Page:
Cuddly, Prickly

In my day, there were no cuddly trannys.

To be out and trans, you had to be quite an iconoclast, someone who could walk through a hail of arrows to claim the right to walk in the world as yourself.

No, I come from the time of prickly transpeople, ones who were so battered and bashed by the abuse designed to drive us into the closet that we were lucky we could still stand up at all.

When I walk into a trans event today, I become really clear that I am still one of the prickly trannys, one of the porcupines who is still too challenging, too iconoclastic to engage.

God made porcupines.  And some of us are the porcupines, a bit bristly and sharp.  Because we are not cuddly, does that mean we are not made by God?
Calling Is A Bitch, October 2004

I am a porcupine, a shaman, a knife.  I know that.  I bristle, I x-ray, I cut.
To Love Me, September 2007

I learned to love out transpeople just because they were contrarians, standing tall for the message they heard in their heart against the pounding of a conformist world.

When I shepherded a trans group, the most important thing to me was being open to all, inclusive and expansive.  This, frankly, was not and is not the tradition in the interlocking communities around transgender, where things get “cliquey” as affirmed by a gal I mentored when she was a trans kid.

Kate Bornstein asked why transsexuals tended to stay away from other transsexuals.  “It’s because we scare the hell out of each other,” she decided.

To me, the power of trans is in seeing beyond comforting and illusory boundaries between us and them and moving to understanding continuous common humanity.  That’s why I resisted the imposed separations between crossdressers and transsexuals and drags, between young and old, between those who love men, those who love women, and those who love both, between those who are flamboyant and those who are mild, because I knew it was hearts that counted, not expression.

My view is still a very prickly one.   Today, there are even more separations around transgender, based on what organization has chosen to work with transpeople.   Transpeople have more choices in where to get support, choices that allow them to avoid having to engage other transpeople who they find too prickly for their own comfort.

Engaging me and my ideas requires others to open their mind and their heart to another version of transgender, one that isn’t to their taste.  For me, this requirement is exciting and powerful, allowing me to get a bigger picture than I ever could through my eyes alone, allowing me to get a bigger understanding that extends far beyond the limits of my own experience.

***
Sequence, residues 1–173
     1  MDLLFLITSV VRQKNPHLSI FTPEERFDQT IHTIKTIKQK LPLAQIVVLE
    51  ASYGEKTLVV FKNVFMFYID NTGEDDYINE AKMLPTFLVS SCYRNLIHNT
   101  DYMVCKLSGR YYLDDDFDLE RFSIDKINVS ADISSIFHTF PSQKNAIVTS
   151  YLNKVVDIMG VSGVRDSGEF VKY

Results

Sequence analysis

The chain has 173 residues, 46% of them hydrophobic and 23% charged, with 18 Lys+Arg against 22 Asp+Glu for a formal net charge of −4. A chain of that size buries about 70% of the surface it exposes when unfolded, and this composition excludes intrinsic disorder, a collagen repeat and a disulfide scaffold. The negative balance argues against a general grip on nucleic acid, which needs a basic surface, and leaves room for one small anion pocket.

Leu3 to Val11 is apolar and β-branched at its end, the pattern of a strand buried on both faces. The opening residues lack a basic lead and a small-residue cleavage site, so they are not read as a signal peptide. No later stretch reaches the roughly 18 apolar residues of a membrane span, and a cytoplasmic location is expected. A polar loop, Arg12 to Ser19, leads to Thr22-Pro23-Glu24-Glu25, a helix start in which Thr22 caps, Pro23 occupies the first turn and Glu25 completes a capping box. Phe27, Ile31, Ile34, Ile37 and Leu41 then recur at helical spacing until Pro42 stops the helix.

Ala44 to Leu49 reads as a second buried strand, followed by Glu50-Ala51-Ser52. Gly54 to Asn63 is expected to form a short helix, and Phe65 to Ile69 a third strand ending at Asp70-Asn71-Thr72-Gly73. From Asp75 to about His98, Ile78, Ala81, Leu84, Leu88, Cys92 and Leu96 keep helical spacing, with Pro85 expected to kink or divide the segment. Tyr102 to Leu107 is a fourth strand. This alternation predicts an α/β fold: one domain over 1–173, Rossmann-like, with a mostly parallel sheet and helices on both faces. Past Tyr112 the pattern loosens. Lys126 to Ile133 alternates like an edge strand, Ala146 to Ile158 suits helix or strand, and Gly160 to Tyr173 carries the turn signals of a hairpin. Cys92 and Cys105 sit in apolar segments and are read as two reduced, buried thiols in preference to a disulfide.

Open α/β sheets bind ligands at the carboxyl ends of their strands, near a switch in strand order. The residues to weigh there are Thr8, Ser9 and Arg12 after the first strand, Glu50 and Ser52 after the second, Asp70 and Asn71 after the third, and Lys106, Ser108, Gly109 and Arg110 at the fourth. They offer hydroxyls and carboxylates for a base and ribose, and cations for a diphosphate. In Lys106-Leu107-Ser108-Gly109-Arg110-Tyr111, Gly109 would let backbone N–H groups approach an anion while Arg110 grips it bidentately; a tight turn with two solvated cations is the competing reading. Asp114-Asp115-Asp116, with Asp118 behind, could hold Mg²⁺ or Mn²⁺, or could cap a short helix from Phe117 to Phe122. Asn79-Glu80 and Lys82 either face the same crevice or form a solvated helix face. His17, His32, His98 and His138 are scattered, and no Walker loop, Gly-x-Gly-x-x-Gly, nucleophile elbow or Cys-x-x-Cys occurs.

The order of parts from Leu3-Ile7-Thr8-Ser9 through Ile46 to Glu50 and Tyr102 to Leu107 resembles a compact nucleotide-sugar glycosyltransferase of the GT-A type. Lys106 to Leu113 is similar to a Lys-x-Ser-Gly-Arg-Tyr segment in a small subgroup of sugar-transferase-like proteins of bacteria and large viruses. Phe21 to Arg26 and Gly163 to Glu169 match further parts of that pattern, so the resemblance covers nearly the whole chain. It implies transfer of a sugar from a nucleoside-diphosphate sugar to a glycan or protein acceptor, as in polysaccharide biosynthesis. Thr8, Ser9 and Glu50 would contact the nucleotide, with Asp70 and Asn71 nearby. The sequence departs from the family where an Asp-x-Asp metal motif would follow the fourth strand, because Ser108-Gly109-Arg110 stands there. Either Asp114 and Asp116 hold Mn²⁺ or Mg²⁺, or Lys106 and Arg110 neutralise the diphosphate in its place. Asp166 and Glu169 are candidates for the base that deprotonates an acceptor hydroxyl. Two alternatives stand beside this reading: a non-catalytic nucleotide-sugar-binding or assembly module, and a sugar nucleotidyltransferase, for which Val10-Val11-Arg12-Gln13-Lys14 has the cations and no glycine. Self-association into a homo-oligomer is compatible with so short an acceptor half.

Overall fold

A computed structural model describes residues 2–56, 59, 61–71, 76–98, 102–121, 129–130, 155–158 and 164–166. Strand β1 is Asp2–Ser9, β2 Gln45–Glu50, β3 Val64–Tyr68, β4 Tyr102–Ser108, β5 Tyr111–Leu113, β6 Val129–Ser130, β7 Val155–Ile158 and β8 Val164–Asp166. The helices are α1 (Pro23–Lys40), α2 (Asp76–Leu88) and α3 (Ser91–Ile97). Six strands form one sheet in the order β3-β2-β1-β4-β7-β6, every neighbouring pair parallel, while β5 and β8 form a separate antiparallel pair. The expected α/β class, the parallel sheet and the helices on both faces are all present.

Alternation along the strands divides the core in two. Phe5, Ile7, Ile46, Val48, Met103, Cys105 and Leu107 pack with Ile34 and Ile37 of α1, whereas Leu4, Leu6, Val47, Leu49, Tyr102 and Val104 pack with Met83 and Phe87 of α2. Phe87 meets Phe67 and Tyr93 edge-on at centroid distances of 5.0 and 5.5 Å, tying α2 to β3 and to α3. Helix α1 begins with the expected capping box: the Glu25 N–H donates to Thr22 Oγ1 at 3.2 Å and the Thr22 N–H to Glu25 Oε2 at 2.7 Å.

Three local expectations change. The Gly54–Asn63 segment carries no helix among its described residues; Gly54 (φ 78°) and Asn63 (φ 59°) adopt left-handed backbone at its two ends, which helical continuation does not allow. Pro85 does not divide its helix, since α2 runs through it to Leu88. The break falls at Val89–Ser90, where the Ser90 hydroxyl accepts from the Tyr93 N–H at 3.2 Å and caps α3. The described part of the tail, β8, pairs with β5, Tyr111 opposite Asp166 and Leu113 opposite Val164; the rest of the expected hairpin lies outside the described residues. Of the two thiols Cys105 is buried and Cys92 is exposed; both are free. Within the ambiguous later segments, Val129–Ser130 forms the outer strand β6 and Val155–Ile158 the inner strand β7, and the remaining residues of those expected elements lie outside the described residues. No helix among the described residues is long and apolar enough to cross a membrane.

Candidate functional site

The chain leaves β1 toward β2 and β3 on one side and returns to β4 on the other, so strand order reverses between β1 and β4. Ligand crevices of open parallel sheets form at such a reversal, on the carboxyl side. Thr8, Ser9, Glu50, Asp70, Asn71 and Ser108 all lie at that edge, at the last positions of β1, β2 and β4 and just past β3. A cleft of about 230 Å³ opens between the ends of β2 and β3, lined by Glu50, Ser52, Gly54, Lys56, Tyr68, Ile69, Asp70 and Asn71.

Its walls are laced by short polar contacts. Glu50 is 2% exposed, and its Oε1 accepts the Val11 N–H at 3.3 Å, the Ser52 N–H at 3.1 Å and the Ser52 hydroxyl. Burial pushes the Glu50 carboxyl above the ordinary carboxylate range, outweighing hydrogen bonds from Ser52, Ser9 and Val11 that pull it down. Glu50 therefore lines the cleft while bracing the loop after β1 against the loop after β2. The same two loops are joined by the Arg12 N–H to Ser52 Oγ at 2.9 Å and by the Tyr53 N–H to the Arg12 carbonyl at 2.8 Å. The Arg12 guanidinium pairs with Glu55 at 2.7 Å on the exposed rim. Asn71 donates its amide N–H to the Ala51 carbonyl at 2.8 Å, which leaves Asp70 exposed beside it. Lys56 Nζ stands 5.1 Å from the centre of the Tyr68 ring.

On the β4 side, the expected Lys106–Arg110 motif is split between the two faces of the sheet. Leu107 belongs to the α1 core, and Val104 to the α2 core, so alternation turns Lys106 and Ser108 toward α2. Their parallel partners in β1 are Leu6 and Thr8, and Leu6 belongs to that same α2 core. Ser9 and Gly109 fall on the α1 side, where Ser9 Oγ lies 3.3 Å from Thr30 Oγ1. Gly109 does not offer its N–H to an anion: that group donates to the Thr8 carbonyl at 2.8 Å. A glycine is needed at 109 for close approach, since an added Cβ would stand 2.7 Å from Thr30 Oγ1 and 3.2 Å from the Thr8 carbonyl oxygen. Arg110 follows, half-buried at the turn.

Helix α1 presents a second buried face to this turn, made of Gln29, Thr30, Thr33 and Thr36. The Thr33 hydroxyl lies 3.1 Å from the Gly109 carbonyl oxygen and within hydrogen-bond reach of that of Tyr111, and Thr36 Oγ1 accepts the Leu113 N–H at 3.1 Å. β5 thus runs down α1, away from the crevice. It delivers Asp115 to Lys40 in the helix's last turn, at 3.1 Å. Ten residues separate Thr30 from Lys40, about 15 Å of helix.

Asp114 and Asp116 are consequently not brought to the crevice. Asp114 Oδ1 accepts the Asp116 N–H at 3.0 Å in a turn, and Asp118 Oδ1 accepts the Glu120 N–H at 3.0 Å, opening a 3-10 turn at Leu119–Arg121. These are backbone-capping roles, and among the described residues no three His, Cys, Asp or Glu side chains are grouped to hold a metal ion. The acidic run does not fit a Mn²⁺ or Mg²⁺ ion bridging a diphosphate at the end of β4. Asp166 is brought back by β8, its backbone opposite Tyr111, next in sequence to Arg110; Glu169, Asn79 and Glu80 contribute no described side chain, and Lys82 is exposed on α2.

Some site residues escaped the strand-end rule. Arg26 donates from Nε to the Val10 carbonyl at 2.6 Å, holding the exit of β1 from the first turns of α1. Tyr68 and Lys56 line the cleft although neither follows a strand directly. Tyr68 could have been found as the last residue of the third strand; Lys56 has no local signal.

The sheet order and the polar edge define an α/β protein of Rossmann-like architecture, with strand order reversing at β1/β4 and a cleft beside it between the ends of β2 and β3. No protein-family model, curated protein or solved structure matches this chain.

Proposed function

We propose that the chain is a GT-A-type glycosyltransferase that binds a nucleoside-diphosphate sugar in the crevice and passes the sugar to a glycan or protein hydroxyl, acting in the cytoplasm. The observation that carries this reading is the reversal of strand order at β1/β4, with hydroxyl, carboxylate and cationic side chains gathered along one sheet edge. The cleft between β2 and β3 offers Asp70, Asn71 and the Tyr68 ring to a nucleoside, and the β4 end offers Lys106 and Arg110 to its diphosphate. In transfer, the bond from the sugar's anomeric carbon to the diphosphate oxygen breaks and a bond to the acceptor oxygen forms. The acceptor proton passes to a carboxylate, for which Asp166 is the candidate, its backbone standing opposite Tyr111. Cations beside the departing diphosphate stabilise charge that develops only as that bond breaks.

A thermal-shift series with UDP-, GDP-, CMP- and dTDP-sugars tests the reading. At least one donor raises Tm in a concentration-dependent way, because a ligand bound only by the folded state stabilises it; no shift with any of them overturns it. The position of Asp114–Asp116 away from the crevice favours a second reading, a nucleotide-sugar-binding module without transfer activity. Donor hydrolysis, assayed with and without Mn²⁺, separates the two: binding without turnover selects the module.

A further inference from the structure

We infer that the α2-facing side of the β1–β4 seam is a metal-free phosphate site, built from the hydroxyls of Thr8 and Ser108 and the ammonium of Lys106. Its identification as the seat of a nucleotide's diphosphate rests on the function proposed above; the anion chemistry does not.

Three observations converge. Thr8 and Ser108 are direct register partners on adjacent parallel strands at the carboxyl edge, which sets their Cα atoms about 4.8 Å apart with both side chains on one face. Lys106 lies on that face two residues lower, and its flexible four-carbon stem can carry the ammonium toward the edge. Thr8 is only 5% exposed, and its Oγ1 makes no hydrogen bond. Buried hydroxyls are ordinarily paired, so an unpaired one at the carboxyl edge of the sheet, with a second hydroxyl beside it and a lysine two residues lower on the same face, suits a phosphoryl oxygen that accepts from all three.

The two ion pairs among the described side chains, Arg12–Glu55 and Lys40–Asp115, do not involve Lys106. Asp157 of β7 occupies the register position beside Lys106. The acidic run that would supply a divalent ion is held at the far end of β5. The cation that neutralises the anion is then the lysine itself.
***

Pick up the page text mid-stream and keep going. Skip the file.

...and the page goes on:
My first request to most new transpeople I meet is simple: “Tell me a story.”   I ask that because I really want to understand what they value, what delights or challenges them, how they see this world that we share.   One of my foundational skills is the interview, asking questions to help someone tell their stories and explain their views of the world, and while that process may help them, I usually do it because it helps me understand them and understand myself a little more.

If you are pretty sure of where you are and of what you believe, though, asking someone to show you how they see the world is just asking for challenges you would probably rather not engage.

Cuddly is easy, comfortable, warm and similar.   Prickly is challenging, exciting, unnerving and different.   I always thought trans was about prickly, about that process that supports people in leaving the conventional and bounded to find the essential and potent, that journey that explores the inner map to toss out expectations and find what is truly, deeply and profoundly ourselves.

This isn’t the centre of trans community today.   In my experience, many people are looking to tell other people where they got it wrong rather than to embrace the cause of a very personal quest to claim individual identity.    Many people are working to find comfortable group identities for belonging rather than bold and unique identities for standing proud.   Groups try to teach transpeople the right way to be trans, while in my day, anyone preaching the “one right way” was one of the prickliest transpeople of all.

In my day, there were no cuddly trannys.

And while that didn’t make loving them easy, it sure as hell meant they each had something special and unique to offer.

After all, aren’t porcupines cute?